The sound and video installation True North (2004) is a journey into the beautiful yet terrifying midst of a sublime continent. Internationally acclaimed British artist and filmmaker Isaac Julien immerses viewers in the haunting landscape of the North Pole, which has seduced scientists, explorers, writers and visual artists since the 19th century. This presentation of the three-screen multi-media installation will mark the debut of this important work from the museum’s collection.
Julien describes True North as a cinematic “re-memorizing” of the story of Matthew Henson, the black engineer who accompanied polar explorer Robert Peary in 1909 on the first expedition to reach the North Pole. The video’s narration is taken from a shocking interview Henson gave in 1966, in which, 30 years after Peary’s death, Henson claimed that he had reached the Pole before Peary.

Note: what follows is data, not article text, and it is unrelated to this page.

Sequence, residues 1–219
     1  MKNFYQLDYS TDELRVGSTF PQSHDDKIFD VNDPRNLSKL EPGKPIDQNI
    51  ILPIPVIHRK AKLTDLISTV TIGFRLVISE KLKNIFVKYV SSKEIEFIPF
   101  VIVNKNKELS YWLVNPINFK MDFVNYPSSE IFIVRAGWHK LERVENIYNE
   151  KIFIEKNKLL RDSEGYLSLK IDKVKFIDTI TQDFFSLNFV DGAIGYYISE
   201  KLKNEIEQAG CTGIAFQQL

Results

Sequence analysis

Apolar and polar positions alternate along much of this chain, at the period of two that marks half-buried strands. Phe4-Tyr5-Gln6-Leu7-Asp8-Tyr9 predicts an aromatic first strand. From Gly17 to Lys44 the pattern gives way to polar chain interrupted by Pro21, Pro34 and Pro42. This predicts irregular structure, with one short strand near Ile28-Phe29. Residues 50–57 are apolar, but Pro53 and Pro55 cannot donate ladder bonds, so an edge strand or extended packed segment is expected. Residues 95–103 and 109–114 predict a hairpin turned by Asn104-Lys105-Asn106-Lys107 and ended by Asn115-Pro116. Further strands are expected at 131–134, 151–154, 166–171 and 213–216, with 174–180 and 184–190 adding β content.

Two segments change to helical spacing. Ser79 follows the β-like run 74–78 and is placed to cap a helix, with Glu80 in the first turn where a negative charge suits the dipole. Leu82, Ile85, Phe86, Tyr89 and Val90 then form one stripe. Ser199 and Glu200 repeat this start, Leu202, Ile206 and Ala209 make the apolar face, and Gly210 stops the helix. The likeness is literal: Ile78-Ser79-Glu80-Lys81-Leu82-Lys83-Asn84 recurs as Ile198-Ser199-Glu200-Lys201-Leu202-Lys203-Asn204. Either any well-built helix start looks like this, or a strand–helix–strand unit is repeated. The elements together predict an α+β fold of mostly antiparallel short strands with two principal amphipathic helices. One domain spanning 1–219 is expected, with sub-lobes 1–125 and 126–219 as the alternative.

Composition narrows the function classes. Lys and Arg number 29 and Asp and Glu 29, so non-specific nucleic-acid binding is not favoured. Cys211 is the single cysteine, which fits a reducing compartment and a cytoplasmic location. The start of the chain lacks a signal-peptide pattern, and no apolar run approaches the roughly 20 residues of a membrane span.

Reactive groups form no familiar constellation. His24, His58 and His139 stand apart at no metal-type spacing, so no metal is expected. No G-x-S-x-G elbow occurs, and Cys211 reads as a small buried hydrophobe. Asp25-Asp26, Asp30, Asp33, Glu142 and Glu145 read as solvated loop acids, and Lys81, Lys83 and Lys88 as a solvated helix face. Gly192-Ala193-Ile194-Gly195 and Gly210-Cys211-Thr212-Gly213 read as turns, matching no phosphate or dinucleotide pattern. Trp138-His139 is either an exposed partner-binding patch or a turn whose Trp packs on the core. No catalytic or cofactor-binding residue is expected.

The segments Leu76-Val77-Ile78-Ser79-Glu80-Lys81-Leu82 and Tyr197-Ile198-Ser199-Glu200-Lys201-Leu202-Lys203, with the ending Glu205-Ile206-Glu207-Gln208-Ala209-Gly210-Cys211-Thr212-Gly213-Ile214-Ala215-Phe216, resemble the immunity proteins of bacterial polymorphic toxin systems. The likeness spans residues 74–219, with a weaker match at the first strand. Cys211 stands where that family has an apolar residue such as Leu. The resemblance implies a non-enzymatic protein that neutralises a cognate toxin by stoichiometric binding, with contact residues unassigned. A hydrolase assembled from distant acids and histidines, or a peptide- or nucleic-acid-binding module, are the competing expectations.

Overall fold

Shot in Iceland, True North unfolds on three screens that span almost 40 feet. Images zoom in and out on the icy vistas to provide different perspectives on Henson’s journey. All the while mysterious and haunting sounds are layered with the voices and music to echo the vast, isolated landscape.
Nominated in 2001 for Britain’s prestigious Turner Prize for his artistic work, Julien also won an award for one of his documentary films at the Cannes Film Festival in 1989. Since 1983, he has created films, video installations and photographs that break down the boundaries between artistic disciplines.
This exhibition is organized by the Akron Art Museum and made possible by support from the Gay Community Endowment Fund, The Burton D. Morgan Foundation, the Harris-Stanton Gallery and The Welty Family Foundation.